Asti Spumante in jeopardy due to Russia-Ukraine war
The Russia-Ukraine war threatens to cripple Italy’s producer of Asti Spumante, with sales of millions of bottles now at risk.
The fizz, which is a favourite in Russia, has vineyards among the hills of Langhe region and is reportedly in need of a new market.
Italy, as the leading supplier of wine to Russia and Ukraine, is already suffering a fallout from Russia’s invasion.
Marco Dogliotti, whose father owns the vineyard in Castiglione Tinella, near Turin in northern Italy, revealed: “Since 2017, we have exported some 4,000 bottles a year to Ukraine, 80% of which was Asti Spumante, with a good turnover,” he told AFP and added that the war has “hit us hard” and “unfortunately this market, which was booming in 2021, is now totally lost.”
Dogliotti explained: “The day of the invasion, our importers were calm, they didn’t imagine it would be a disaster. But the next day they fled”.
Founded in the 1940s by Dogliotti’s grandfather, the company reportedly exports almost 40% of its wine. As well as the spumante, it also produces Muscat and Barbera on its 25 hectares.
However, Dogliotti pointed out that the Ukraine conflict is now forcing the winery to speed up and widen his search for new buyers, from Australia to Japan or Nigeria.
Back in 2021, production of sweet Asti Spumante in Piedmont was up 12%, with over a quarter of bottles exported going to Russia and Ukraine.
Flavio Scagliola, vice-president of the Asti DOCG consortium pointed out that the decline in sales to these markets could have a detrimental impact on many winery’s futures and added: “We hope that the war will end as soon as possible. The Russian, Ukrainian and Belarusian markets represent 14 million bottles per year.”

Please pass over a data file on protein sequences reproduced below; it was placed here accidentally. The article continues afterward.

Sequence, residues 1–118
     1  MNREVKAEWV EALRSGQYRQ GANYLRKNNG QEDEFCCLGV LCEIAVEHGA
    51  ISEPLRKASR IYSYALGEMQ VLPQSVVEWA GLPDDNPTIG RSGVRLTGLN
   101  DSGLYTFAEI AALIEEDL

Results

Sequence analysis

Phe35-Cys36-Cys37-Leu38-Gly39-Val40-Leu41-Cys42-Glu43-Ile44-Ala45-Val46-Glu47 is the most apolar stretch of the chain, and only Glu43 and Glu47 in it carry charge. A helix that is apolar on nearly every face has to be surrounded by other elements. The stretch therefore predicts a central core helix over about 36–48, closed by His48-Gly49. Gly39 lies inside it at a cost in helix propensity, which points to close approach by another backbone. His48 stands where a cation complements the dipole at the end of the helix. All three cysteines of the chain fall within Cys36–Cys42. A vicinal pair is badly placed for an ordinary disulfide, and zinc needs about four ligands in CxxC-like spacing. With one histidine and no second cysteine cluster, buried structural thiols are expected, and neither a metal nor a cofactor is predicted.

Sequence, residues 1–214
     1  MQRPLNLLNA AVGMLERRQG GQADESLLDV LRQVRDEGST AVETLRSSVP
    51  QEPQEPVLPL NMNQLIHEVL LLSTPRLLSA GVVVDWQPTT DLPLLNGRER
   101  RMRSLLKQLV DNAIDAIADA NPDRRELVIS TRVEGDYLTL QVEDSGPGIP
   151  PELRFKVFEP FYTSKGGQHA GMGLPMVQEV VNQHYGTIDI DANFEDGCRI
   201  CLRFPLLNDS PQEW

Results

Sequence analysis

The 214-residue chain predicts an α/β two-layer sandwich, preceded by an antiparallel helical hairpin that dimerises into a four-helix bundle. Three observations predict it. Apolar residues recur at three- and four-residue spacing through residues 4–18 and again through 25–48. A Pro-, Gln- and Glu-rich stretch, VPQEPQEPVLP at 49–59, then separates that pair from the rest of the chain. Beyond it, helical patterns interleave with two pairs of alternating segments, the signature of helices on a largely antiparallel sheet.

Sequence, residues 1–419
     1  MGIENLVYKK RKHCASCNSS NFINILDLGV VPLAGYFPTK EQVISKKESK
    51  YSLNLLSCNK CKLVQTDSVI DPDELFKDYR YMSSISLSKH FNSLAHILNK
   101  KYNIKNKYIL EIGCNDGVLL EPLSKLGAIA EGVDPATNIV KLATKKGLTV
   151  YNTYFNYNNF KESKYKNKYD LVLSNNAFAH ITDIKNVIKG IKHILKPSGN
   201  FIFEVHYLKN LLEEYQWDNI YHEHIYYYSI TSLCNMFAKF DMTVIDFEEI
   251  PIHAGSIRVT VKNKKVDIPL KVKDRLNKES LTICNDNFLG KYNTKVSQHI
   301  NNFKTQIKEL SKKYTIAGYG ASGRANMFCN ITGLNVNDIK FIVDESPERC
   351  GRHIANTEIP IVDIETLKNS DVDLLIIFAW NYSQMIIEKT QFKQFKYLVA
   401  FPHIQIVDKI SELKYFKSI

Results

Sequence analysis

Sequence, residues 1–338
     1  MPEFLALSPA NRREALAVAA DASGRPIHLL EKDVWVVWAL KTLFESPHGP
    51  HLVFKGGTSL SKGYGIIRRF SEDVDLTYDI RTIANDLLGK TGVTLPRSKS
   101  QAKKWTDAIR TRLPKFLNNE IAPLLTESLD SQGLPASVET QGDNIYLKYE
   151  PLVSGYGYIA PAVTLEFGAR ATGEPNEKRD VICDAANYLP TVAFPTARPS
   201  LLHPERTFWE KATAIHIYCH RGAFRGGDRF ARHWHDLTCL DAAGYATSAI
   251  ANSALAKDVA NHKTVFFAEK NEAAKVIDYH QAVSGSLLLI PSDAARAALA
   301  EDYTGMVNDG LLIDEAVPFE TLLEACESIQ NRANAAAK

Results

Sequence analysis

The European Union (EU)banned certain luxury products in March from being exported to Russia, as part of sanctions against the country for the invasion. But while Asti Spumante joined other wines and Champagnes on the list, it is largely unaffected. After all, the average bottle costs €5 (US$5.50), and the ban only affects those worth over €300.
Denis Pantini, head of food and wine at the Nomisma observatory stated: “Very few Italian wines fall into this category, apart from the great vintages such as Super Tuscans, Brunello di Montalcino or Barolo from Piedmont, which are sold at very high prices”.
However, as far as Asti Spumante is concerned, Pantini explained: “The risk is not so much linked to an export blockade, but rather to the problem of payments after Moscow’s exclusion from the SWIFT banking messaging network, the collapse of the rouble and the difficulties that have arisen in transport”.
But, according to AFP citing industry sources, there are indications that some Italian wine exporters are managing to reach Russia via Belarus or Latvia, and by using the few Russian banks that are not excluded from SWIFT.